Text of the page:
Cost-effective stairway solution found for Witty’s ramp

Stairs to popular regional park in Metchosin to be replaced

The descent to Witty’s Lagoon will soon be paved in aluminum.

The Capital Regional District forwarded $100,000 to the District of Metchosin to replace wooden stairs at Witty’s Lagoon Regional Park. The expected cost of replacement is a far cry from previous reports that stabilizing the slope and replacing the stairway could cost as much as $1.3 million.

“(About) 30,000 people a year use these stairs and it seemed to me to deny that kind of usage for the region … didn’t make sense,” Metchosin Mayor John Ranns said. “We basically applied a little rural common sense to it and came up with something that cost 1/13th of what they said it would.”

The wooden stairs, currently sitting on a Metchosin right of way, will be removed and replaced with aluminum stairs cantilevered over the slope in question. The $100,000 price tag covers the cost of removing the existing wood, building and installing the new stairs and fencing, plus a contingency fund. From then on, Metchosin would care for the stairs that were once the responsibility of the CRD.

Besides having an engineering company work on the slope, Ranns said “we also had our own engineering company make sure that those stairs are going to be adequate for handling that volume and won’t be a liability. We anticipate there being no problems with the stairs for many, many years.”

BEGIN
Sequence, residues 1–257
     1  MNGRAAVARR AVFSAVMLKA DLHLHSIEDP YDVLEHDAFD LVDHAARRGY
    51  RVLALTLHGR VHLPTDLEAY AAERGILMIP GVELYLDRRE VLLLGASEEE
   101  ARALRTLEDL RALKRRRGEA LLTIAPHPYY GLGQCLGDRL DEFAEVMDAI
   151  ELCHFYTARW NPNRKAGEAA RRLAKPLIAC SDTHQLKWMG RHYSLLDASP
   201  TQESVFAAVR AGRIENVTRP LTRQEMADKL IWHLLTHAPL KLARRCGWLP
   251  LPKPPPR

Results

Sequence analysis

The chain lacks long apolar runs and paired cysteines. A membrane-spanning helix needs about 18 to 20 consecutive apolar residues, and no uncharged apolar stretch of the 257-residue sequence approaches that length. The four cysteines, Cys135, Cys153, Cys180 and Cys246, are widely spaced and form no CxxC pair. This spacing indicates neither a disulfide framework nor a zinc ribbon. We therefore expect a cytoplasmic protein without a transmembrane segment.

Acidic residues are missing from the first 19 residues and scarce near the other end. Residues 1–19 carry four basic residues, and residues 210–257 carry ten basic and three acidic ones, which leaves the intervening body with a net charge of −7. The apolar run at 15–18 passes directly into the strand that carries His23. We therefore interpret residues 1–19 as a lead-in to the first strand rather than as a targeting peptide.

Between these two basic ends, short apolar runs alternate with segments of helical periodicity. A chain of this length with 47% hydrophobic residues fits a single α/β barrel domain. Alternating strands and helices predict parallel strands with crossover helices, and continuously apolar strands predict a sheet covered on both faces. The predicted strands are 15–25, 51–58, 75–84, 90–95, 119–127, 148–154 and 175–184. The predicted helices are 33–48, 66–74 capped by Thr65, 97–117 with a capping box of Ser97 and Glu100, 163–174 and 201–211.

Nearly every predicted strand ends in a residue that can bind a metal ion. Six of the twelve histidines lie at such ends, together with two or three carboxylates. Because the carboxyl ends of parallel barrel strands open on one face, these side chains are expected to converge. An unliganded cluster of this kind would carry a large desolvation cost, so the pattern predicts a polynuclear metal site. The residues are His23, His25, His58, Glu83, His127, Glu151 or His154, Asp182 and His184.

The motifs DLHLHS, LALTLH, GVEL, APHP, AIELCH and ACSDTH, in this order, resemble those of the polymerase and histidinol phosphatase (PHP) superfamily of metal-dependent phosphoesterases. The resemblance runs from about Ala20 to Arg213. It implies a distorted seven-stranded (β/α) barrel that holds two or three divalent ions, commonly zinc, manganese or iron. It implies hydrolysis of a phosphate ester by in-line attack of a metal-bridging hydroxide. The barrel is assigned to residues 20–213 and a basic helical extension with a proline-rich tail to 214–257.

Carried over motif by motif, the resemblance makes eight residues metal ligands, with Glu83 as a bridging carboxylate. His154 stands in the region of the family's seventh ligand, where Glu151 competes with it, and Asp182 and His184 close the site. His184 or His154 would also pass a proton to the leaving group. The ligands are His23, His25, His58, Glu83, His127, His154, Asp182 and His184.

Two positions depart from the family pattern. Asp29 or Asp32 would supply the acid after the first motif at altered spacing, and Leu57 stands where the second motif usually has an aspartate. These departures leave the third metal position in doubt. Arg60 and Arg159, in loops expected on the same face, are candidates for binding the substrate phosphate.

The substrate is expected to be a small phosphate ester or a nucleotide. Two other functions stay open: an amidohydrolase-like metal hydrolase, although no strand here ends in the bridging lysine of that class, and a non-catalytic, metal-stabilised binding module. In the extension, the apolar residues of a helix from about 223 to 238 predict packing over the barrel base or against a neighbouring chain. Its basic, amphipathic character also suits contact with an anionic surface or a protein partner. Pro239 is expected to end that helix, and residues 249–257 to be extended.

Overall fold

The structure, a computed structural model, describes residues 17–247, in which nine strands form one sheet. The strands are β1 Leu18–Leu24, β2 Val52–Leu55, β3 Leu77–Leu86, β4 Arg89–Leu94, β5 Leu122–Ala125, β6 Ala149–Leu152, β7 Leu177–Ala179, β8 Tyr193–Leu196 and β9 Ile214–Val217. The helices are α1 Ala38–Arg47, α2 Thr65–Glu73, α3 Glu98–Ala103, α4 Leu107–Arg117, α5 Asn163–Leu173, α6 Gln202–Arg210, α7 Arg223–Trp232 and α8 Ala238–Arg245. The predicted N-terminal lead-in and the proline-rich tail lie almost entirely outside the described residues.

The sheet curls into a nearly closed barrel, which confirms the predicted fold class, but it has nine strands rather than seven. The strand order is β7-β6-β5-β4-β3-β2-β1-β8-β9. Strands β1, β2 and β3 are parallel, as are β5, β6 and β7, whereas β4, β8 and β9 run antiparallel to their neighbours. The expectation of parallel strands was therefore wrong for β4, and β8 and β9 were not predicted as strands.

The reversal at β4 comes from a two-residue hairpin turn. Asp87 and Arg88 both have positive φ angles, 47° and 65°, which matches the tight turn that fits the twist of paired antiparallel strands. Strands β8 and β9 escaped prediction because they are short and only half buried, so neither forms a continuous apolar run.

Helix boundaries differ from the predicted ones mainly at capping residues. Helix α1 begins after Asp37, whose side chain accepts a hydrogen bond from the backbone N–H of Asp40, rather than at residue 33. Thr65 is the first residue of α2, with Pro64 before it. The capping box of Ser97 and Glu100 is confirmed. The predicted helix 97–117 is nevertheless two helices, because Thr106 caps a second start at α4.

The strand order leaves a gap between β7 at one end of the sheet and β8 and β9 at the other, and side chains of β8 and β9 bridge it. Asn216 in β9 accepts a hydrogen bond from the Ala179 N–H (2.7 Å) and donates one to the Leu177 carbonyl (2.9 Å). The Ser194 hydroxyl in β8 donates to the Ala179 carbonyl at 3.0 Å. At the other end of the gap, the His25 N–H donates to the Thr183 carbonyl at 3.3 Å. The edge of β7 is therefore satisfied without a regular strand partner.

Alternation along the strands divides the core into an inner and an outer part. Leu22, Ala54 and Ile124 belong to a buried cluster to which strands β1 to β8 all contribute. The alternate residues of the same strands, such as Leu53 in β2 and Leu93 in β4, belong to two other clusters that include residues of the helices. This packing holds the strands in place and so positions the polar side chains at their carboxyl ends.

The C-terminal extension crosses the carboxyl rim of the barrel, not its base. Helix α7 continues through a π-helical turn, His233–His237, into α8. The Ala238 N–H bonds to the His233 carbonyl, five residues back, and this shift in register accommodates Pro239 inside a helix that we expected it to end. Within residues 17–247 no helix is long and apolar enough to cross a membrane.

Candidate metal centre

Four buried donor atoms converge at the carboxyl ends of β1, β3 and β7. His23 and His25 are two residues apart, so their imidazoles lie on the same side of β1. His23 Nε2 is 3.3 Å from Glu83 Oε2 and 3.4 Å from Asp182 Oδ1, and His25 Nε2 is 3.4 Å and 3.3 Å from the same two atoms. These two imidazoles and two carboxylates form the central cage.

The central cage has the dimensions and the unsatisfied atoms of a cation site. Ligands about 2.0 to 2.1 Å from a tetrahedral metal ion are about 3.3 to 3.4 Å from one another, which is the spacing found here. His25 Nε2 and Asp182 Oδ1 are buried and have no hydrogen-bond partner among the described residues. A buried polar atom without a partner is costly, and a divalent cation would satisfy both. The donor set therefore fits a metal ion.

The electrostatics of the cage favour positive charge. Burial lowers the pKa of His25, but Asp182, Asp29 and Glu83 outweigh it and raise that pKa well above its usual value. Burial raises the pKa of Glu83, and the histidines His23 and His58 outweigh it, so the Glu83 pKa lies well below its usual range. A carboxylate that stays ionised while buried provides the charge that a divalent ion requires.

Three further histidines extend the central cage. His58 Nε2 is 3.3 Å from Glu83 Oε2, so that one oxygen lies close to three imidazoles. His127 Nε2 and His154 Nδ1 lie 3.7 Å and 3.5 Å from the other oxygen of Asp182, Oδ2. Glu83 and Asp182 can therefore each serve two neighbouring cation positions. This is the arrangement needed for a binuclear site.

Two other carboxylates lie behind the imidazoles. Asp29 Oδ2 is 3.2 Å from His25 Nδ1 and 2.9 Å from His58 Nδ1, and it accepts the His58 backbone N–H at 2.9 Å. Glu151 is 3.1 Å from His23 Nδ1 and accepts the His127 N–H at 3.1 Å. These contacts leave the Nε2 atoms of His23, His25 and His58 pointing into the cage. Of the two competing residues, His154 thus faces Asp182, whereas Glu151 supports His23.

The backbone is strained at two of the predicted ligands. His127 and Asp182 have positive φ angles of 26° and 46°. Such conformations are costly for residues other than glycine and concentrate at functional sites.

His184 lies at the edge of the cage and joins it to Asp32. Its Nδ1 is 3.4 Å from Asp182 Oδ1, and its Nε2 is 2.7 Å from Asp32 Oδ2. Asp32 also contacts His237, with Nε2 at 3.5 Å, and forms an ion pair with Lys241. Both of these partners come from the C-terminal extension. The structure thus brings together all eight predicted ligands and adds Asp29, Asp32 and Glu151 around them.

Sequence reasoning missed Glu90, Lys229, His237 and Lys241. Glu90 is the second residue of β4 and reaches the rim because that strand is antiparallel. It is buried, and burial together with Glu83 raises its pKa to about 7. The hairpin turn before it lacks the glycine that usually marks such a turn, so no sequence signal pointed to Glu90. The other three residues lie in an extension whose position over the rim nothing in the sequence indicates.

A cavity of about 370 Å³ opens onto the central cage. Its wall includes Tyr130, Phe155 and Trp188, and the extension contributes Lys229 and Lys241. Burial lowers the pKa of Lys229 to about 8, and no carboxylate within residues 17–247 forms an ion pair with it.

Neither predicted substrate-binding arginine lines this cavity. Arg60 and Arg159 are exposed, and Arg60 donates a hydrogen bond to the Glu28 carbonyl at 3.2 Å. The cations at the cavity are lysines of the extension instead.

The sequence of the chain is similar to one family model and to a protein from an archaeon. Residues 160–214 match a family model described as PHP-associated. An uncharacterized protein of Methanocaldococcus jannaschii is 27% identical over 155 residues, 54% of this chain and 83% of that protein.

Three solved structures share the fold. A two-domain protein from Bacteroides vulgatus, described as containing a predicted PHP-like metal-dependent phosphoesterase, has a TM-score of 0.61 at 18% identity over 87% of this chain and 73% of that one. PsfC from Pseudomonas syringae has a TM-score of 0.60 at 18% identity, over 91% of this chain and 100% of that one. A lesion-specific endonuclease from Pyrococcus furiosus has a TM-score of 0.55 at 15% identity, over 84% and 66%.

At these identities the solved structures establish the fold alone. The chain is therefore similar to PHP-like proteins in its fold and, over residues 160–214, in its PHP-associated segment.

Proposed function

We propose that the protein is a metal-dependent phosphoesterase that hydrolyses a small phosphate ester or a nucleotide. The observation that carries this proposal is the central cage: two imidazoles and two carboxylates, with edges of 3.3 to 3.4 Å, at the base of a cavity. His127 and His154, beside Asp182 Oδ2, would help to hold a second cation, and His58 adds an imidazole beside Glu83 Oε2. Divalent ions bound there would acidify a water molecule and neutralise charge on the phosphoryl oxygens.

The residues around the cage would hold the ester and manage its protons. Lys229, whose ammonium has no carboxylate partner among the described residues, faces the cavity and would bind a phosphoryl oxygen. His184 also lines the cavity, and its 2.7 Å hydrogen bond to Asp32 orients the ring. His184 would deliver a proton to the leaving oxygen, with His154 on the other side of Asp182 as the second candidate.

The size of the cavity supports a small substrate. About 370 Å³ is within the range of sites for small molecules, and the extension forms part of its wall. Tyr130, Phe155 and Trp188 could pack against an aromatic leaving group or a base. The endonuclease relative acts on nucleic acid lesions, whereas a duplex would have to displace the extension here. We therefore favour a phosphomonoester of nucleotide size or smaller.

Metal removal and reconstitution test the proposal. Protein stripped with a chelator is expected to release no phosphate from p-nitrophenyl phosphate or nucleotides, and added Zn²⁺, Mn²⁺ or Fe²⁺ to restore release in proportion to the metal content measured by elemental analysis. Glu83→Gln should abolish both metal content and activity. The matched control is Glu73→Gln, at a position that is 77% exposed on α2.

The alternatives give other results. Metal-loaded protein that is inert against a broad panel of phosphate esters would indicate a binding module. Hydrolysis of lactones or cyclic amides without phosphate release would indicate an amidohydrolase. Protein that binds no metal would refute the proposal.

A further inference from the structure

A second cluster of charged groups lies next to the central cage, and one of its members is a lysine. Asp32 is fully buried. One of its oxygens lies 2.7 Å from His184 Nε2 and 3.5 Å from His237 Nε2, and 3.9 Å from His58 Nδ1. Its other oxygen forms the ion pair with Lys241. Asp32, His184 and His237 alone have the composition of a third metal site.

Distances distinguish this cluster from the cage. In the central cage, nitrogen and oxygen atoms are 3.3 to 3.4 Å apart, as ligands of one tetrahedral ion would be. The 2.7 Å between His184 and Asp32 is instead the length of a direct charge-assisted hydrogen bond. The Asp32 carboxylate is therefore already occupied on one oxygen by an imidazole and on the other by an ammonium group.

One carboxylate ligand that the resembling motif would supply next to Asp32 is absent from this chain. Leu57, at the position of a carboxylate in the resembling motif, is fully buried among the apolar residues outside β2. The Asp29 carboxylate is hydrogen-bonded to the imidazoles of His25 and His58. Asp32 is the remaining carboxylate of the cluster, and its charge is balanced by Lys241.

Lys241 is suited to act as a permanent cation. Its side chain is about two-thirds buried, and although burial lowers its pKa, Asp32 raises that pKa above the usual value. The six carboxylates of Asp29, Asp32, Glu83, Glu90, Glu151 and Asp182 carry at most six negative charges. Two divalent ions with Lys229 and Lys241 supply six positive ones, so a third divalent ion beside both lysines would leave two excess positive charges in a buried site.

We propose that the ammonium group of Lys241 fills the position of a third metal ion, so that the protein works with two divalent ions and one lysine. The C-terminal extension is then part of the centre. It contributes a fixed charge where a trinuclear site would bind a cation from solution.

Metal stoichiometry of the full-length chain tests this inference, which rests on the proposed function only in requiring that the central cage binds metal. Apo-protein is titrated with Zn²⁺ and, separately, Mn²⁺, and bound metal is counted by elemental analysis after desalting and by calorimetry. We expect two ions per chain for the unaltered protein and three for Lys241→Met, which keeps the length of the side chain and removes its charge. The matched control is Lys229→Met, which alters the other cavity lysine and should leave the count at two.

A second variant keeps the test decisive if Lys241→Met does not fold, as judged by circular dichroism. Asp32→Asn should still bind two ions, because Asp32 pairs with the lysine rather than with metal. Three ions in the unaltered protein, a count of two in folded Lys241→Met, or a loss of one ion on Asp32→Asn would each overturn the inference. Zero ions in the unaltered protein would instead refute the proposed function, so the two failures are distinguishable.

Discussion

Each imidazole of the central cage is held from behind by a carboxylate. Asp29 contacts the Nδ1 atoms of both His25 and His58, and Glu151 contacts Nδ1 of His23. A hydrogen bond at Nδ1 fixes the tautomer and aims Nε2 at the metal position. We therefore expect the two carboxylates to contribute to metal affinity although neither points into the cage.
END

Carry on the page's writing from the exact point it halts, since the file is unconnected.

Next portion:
Work began this week and the estimated completion date is the first week of July. There will be no access to the stairs off the entrance at Witty Beach Road until construction is complete.

Those wishing to access the lagoon are asked to enter at the CRD parking lot near William Head Road and Parry Road across from the Metchosin Golf Course, where a trail also leads down to the lagoon. The walk is longer than the traditional trek down the stairs and while scenic, Ranns said, it takes 20 to 30 minutes to access the same area.

“It’s a beautiful park and a lot of people use it, (so we tried) to find ways to accommodate them and that is what we did. Council was very co-operative; they unanimously agreed that this was a very good idea. It’s sort of like a regional responsibility thing. We’re all in this together.”

Ranns, who used the stairway as a child six decades ago,  expects the new stairs to last 30 to 50 years. The project also spoke to other more contentious issues in the region, he said.

“I think it’s an example of what can be accomplished when you apply a little bit of common sense and patience to a problem,” he said. “I am convinced that similar solutions could be found for the (sewage treatment project) if the same principles were applied.”

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